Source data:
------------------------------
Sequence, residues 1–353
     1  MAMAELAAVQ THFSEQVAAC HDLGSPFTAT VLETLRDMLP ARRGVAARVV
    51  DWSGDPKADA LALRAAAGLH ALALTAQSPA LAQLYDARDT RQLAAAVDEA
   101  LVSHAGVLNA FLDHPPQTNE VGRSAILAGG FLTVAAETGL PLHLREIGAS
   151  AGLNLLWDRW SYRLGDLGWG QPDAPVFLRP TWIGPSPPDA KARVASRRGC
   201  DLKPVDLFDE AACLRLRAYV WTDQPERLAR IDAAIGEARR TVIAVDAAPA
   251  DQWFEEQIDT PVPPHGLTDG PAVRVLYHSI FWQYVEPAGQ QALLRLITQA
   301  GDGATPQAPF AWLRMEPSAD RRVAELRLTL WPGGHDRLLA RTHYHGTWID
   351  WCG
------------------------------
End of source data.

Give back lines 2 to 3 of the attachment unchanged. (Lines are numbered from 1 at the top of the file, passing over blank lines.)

     1  MAMAELAAVQ THFSEQVAAC HDLGSPFTAT VLETLRDMLP ARRGVAARVV
    51  DWSGDPKADA LALRAAAGLH ALALTAQSPA LAQLYDARDT RQLAAAVDEA